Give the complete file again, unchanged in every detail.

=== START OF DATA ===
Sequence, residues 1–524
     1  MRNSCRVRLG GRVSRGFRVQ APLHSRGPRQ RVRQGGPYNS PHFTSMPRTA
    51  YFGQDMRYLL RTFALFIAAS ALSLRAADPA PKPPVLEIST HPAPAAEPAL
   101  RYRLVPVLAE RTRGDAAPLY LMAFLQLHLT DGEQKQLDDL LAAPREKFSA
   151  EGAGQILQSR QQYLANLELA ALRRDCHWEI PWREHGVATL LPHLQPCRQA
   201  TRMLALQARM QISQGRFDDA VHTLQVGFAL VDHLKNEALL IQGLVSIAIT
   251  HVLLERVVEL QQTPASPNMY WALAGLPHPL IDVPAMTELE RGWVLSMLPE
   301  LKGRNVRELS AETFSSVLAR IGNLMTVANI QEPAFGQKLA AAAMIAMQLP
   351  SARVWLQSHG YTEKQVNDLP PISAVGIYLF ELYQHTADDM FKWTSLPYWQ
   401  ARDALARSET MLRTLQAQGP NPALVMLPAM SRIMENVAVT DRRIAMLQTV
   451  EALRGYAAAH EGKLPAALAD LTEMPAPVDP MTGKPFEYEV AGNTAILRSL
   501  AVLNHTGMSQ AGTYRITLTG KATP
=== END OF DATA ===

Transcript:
Sequence, residues 1–524
     1  MRNSCRVRLG GRVSRGFRVQ APLHSRGPRQ RVRQGGPYNS PHFTSMPRTA
    51  YFGQDMRYLL RTFALFIAAS ALSLRAADPA PKPPVLEIST HPAPAAEPAL
   101  RYRLVPVLAE RTRGDAAPLY LMAFLQLHLT DGEQKQLDDL LAAPREKFSA
   151  EGAGQILQSR QQYLANLELA ALRRDCHWEI PWREHGVATL LPHLQPCRQA
   201  TRMLALQARM QISQGRFDDA VHTLQVGFAL VDHLKNEALL IQGLVSIAIT
   251  HVLLERVVEL QQTPASPNMY WALAGLPHPL IDVPAMTELE RGWVLSMLPE
   301  LKGRNVRELS AETFSSVLAR IGNLMTVANI QEPAFGQKLA AAAMIAMQLP
   351  SARVWLQSHG YTEKQVNDLP PISAVGIYLF ELYQHTADDM FKWTSLPYWQ
   401  ARDALARSET MLRTLQAQGP NPALVMLPAM SRIMENVAVT DRRIAMLQTV
   451  EALRGYAAAH EGKLPAALAD LTEMPAPVDP MTGKPFEYEV AGNTAILRSL
   501  AVLNHTGMSQ AGTYRITLTG KATP